Enjoy the photos and have a safe and happy 4th of July.
The house, named “Summer Gardens,” has a rich historic past. It was built by architect Isaac King in 1687 and completed around 1720. Back then, during the Revolutionary War, it was a way station. Also, in the mid 1800s, the property was a stagecoach stop and tavern. Besides the house, there are two small outbuildings, which once housed a store and post office. Heidi called her store Summer Gardens, after the original house. The shop is inside a large barn on the property.
Heidi loves primitives and Americana and her store reflects the past. It’s overflowing with homespun textiles, painted furniture, Windsor chairs, folk art dolls, handmade local art, and even famous local home-baked pies -- you name it. Heidi’s always loved decorating. I met her on the volleyball courts in South Mission Beach in the 1980s, and our group all called her the “Martha Stewart of Mission Beach” because she had such a knack with making her beach cottage cozy. Her quilts were stacked on a pine cupboard, and transferware plates were hung on the walls and also tucked inside a country hutch. The final touch was the almost endless aroma of cookies baking in her oven.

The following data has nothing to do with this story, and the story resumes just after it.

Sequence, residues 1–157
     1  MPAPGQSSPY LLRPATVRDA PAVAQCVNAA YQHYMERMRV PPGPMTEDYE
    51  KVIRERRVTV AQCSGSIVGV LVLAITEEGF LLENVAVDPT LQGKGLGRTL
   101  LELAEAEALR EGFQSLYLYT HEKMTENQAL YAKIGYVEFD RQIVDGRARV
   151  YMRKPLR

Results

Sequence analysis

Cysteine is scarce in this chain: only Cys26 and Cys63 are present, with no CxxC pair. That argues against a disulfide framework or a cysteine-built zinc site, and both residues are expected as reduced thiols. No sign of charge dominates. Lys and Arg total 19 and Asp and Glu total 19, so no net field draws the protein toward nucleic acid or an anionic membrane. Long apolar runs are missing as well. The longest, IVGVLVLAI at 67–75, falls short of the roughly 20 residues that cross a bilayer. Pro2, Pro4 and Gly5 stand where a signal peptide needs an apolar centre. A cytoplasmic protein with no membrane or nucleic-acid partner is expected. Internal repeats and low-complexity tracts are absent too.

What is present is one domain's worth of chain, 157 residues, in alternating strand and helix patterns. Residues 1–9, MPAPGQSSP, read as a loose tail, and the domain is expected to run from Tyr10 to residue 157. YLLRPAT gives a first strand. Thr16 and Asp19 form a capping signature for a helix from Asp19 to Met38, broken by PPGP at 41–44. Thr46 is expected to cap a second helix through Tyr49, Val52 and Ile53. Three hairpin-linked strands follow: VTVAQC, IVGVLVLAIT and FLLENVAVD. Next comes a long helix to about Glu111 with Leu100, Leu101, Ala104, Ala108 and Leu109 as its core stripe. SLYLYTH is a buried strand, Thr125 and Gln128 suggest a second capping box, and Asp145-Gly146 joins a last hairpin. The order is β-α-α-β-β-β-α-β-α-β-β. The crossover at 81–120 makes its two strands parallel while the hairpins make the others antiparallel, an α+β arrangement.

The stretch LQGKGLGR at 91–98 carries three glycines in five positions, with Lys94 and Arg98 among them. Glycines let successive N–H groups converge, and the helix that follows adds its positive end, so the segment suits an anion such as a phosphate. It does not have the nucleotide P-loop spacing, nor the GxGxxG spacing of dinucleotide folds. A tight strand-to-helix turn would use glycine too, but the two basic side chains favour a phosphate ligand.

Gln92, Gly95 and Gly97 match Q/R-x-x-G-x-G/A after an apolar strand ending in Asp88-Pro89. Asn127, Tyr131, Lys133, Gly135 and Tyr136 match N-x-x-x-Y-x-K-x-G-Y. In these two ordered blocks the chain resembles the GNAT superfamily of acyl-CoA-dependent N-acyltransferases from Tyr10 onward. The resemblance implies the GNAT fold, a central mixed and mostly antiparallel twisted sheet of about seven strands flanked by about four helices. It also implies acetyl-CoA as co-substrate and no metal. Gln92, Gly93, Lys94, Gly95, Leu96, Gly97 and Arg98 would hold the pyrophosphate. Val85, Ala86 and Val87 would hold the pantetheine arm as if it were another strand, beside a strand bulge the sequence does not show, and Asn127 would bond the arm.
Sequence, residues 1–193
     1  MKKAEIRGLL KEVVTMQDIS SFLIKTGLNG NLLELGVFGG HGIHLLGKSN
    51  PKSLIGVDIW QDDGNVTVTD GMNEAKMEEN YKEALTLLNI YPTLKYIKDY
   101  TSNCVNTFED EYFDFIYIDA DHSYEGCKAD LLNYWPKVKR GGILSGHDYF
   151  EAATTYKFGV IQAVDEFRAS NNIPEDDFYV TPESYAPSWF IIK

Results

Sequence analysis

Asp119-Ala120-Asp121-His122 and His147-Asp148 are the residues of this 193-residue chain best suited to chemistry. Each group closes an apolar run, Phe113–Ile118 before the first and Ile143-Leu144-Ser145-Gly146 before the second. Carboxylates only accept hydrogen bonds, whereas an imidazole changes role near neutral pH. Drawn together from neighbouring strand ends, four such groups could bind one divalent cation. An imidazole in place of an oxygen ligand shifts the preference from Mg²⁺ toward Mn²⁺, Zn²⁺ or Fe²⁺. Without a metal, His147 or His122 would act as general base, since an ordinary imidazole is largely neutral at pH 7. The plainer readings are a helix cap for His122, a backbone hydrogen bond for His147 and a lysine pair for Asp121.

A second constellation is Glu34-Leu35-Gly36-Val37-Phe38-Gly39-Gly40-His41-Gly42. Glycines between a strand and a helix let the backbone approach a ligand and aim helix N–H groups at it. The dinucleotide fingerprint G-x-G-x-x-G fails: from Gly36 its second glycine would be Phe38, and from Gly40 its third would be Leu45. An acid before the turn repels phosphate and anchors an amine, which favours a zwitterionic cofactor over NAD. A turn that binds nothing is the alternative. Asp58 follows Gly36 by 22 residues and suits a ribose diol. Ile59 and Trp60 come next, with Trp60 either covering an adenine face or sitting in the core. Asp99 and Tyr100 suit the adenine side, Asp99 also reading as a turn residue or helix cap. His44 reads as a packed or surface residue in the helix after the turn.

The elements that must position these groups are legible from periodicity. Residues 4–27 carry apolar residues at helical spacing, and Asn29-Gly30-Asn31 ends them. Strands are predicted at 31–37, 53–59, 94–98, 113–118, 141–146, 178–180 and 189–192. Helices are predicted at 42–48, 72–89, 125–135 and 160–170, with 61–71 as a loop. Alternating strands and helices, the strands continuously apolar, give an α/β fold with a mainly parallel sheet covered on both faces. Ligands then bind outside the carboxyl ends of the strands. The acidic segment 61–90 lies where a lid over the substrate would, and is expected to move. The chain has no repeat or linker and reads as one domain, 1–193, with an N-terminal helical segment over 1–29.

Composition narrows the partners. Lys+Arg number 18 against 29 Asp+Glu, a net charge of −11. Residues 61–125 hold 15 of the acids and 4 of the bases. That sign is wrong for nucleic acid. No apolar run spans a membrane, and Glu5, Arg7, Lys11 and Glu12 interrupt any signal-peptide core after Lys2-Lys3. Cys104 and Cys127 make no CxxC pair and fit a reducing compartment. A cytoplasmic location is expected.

Fast forward to New England where today she has created a virtual fantasy on the grounds of historic Summer Gardens, with its blooming flower fields where Heidi does spends hours each day planting and pruning her fresh flower gardens. Customers can stroll, cut their own flower bouquets, and view the lavender fields and gourd arbor while admiring the barn and the 17th century home in the distance. Summer Gardens holds a Lavender Days event each year, which is coming up soon. I've always admired Heidi's creative talents, and now she's expressing them in this historically significant two-story barn. My husband Bob and I visited Heidi and Ben two summers ago and stayed on their property. It was very much like vacationing in a historic bed-and-breakfast inn.